My grandmother lived in Esplanade Gardens until the mid 70s so we're talking about before the crack era. Her church was on 132nd and Adam Clayton Powell and she would shop on 125th Street.

I am in Harlem at least once a month in these same areas and they do not feel safer to me today than they did then. Especially at night, in the summertime. Too many idle people roaming around, getting into trouble. Elderly people are much more vulnerable than younger people. I would be concerned if grandma was living there today, mainly because the respect and protection that the community gave older people then does not exist anymore.

I would be more comfortable below 125th street to 110th near Lenox.
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Old 05-03-2012, 07:37 PM
 
Location: NYC
2,296 posts, read 4,515,449 times
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Quote:
Originally Posted by caribny View Post
I did my undergrad in the UK and encountered Uk born and/or raised black kids of C'bn descent. What struck me was the endless lament "white man this and white man that". My response was like that of people like hilltop etc that they were makng excuses. I just didnt see what relevance skin color had to do with success.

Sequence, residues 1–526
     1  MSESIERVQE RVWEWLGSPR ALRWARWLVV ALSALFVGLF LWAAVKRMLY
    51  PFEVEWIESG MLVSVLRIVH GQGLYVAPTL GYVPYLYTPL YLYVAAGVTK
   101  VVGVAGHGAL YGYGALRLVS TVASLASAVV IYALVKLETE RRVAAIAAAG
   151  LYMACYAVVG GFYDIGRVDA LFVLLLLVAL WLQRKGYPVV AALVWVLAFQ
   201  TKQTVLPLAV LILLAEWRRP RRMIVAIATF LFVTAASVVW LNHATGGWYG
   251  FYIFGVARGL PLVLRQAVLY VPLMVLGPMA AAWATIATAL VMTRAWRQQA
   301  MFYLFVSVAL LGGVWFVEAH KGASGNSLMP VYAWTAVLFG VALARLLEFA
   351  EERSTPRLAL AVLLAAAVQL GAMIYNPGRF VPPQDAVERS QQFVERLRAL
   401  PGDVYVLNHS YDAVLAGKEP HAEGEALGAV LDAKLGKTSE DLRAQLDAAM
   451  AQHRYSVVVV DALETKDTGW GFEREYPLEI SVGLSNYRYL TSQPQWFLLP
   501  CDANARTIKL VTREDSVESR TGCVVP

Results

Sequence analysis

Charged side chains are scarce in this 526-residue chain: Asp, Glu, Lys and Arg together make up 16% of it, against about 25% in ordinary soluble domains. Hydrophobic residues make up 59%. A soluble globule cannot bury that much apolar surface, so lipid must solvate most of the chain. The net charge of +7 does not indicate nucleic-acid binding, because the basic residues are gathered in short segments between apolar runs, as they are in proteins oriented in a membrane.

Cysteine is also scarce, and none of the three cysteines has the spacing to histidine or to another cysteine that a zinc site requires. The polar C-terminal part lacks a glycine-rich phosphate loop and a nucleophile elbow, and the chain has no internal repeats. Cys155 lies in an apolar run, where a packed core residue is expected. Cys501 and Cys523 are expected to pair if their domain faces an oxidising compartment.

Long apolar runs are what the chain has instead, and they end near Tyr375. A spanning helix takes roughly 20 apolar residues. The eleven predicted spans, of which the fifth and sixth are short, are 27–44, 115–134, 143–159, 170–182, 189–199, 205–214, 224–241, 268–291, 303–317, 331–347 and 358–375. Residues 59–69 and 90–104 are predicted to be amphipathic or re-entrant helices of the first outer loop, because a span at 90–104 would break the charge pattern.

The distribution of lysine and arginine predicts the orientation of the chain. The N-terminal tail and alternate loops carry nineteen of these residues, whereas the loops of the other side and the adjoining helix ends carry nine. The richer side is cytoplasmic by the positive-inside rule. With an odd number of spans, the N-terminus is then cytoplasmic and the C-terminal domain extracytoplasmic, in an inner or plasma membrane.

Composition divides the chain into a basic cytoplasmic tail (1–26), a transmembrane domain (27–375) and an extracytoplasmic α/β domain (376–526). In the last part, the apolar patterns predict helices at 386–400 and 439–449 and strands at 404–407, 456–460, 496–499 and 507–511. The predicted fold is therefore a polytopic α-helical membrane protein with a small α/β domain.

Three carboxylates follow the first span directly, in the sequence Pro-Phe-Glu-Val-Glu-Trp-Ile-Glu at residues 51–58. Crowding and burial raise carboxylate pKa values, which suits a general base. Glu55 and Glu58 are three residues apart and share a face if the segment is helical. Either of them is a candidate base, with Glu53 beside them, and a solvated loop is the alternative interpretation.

Their response was to remind me that I went thru an eucational system where almost all the teachers were people of color as were most people in top positions. A kid growing up[ in the UK gets constant reminders that there is something "wrong" to be black....that being black is a limiting factor and that the probability of success is limited. This being ESPECIALLY true of those from low income positions.

In contrast the kids from low income backgrounds who I went to schol with (one of the best schools in the Cbn which boasts many HIGHLY successful alumni in North America and the UK). While they might have been class issues race clearly wasnt a factor. It would have been stupid top say that " I am black so...." when the principal and most of the teachers were black as was the political leadership of the country. .And at least 50% of the professionals were black in a country where blacks are less than 50%.